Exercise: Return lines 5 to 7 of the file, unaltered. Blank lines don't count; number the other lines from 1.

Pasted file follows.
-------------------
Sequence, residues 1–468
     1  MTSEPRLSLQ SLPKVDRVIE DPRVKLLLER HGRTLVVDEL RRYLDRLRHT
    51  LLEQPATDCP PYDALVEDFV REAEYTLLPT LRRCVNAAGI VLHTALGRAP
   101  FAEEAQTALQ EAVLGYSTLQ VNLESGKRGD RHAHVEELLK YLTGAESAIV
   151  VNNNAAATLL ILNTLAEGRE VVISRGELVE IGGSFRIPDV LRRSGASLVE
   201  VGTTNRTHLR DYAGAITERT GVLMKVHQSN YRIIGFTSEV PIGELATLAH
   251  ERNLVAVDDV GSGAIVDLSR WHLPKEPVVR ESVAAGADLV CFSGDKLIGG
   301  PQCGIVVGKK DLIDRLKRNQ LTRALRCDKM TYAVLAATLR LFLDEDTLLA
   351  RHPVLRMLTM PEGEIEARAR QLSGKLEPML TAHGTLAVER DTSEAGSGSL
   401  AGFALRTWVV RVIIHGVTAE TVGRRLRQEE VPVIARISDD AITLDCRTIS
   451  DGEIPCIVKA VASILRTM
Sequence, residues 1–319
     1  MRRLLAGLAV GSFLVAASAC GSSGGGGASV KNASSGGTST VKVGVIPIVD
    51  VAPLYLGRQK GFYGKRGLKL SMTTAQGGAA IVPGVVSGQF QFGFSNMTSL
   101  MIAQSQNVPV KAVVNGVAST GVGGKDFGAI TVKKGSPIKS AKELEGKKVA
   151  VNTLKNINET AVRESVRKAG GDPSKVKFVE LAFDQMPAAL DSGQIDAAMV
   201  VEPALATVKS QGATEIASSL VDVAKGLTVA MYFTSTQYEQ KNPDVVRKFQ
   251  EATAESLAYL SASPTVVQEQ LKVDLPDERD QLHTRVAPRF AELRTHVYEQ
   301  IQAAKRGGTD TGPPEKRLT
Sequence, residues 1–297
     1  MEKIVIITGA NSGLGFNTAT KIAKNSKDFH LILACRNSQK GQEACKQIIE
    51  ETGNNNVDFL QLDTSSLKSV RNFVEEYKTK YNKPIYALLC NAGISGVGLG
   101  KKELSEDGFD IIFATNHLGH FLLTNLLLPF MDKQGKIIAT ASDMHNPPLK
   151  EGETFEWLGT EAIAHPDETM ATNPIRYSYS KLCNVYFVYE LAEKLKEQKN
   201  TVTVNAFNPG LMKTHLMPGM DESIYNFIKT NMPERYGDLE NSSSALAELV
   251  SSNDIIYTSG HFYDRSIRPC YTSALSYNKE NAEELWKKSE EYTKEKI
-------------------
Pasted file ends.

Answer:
   151  VNNNAAATLL ILNTLAEGRE VVISRGELVE IGGSFRIPDV LRRSGASLVE
   201  VGTTNRTHLR DYAGAITERT GVLMKVHQSN YRIIGFTSEV PIGELATLAH
   251  ERNLVAVDDV GSGAIVDLSR WHLPKEPVVR ESVAAGADLV CFSGDKLIGG